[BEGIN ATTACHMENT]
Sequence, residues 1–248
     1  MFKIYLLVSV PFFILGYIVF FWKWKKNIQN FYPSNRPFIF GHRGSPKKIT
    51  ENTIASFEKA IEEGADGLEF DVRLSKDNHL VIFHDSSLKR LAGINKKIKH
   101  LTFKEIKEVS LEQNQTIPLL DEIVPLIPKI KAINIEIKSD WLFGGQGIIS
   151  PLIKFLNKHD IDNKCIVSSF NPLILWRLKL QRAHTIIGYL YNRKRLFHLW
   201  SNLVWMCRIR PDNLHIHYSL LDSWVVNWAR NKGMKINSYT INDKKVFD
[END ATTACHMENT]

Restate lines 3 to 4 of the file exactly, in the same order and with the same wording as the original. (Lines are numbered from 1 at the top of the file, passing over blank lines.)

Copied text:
    51  ENTIASFEKA IEEGADGLEF DVRLSKDNHL VIFHDSSLKR LAGINKKIKH
   101  LTFKEIKEVS LEQNQTIPLL DEIVPLIPKI KAINIEIKSD WLFGGQGIIS